While her heart will always lie with Florida State, Gray has learned to keep things neutral over the air despite being in a social media age where everyone seems to reveal their true colors. But when the head set is not covering her ears and a producer isn’t guiding her through, Gray loves showing her Florida State loyalty in every way.

As season No. 20 approaches for Coach Sue, Gray acknowledges the hard work that her mentor put into making the program a national contender, kind of like the work Gray put in to achieving her own dreams as a commentator.

“She’s been there 20 seasons for a reason – she knows how to win,” Gray said. “She’s known to be supportive. I can’t believe that I was able to be a part of a group of girls who were like my sisters and a great staff.”

And just like the certainty of what she wanted to do in life, Gray is also certain that choosing to be unconquered is one of the best decisions she ever made.

“If I had to do it all over again I would still pick Florida State any day,” Gray stated matter-of-factly. “I’m grateful for Coach Sue for trusting me to be a part of that family. It’s an honor and a gift. I’m very grateful for it.”

EXTRA:

What might the future hold for you with NBA TV?
“I’ll just say wait on it. There has been so much that has been occurring just in this past year. I know this year and next year is going to be pretty amazing. I can say it will be a lot of fun, if it occurs, to continue to work with NBA TV. And living your dream and working full time and being an analyst and sideline reporter – that’s awesome.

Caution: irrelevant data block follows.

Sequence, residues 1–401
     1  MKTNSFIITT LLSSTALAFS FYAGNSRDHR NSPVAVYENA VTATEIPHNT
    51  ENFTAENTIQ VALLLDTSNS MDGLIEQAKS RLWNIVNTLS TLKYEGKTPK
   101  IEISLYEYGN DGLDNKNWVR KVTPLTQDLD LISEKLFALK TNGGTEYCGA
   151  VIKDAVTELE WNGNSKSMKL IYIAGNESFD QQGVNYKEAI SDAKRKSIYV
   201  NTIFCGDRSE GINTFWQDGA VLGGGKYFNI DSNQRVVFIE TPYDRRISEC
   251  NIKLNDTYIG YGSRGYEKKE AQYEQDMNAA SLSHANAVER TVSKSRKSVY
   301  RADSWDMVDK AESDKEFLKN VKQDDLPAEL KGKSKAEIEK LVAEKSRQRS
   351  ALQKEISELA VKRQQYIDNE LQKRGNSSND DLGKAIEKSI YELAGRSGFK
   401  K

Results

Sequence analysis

How has your friendship blossomed with Kristen Ledlow?
“We haven’t been in the same room working together, but she’s in the studio while I’m on site. She’s been great as well. It’s been cool having two sporty girls who can show that girls rock. This is a field that is pretty dominant with men, but it’s fun showing that we have a prissy but also a competitive side as well. It’s also fun knowing that you have a Nole that is unconquered – this whole attitude of Nole Family and supporting one another. She’s been awesome. She’s killing it still. If I have any questions about anything I know I can go to her. There are so many people across the board that I can go to whether it’s men or women. The support system with the NBA has been awesome and the overall sports system has been great.”

Has there ever been a better time to get into broadcasting?
“There’s so many different things, especially in social media with all the different platforms. You can be a sports guru just through Twitter. Understanding and creating your brand and really going after the different opportunities. All these different conferences are creating more content.”

What’s the best part of your role as a play-by-play commentator/analyst/sideline reporter?
It’s great to be able to cover professional sports, but it’s also a passion of mine to cover collegiate sports because I understand the student-athlete standpoint and what it takes to prepare to even be a student. In my eyes you never stop being an athlete – in the workplace you’re always thinking about things you learned when you were an athlete. I really have a soft spot in my heart for those who played, and I love covering those stories. That’s one reason I decided to be in broadcasting. It’s more than just bouncing a ball and things of that nature, it’s about being around people with the same passion.”